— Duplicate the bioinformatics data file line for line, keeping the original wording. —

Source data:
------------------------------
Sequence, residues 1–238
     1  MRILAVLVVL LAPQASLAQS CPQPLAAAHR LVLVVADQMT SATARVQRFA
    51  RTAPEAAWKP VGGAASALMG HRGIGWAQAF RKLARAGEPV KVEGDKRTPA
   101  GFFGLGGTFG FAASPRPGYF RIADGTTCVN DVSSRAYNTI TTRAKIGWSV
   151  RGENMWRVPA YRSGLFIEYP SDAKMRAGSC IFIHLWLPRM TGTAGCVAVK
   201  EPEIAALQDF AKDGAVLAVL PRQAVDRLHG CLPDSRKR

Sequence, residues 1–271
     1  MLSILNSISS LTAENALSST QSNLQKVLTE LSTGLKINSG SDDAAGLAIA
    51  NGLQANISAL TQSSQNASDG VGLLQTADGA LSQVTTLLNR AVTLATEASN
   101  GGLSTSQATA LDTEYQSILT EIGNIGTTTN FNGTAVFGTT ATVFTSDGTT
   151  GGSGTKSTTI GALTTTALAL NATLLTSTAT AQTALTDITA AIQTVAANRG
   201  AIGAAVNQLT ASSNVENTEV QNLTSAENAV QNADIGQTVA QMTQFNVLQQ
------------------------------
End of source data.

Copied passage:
Sequence, residues 1–238
     1  MRILAVLVVL LAPQASLAQS CPQPLAAAHR LVLVVADQMT SATARVQRFA
    51  RTAPEAAWKP VGGAASALMG HRGIGWAQAF RKLARAGEPV KVEGDKRTPA
   101  GFFGLGGTFG FAASPRPGYF RIADGTTCVN DVSSRAYNTI TTRAKIGWSV
   151  RGENMWRVPA YRSGLFIEYP SDAKMRAGSC IFIHLWLPRM TGTAGCVAVK
   201  EPEIAALQDF AKDGAVLAVL PRQAVDRLHG CLPDSRKR

Sequence, residues 1–271
     1  MLSILNSISS LTAENALSST QSNLQKVLTE LSTGLKINSG SDDAAGLAIA
    51  NGLQANISAL TQSSQNASDG VGLLQTADGA LSQVTTLLNR AVTLATEASN
   101  GGLSTSQATA LDTEYQSILT EIGNIGTTTN FNGTAVFGTT ATVFTSDGTT
   151  GGSGTKSTTI GALTTTALAL NATLLTSTAT AQTALTDITA AIQTVAANRG
   201  AIGAAVNQLT ASSNVENTEV QNLTSAENAV QNADIGQTVA QMTQFNVLQQ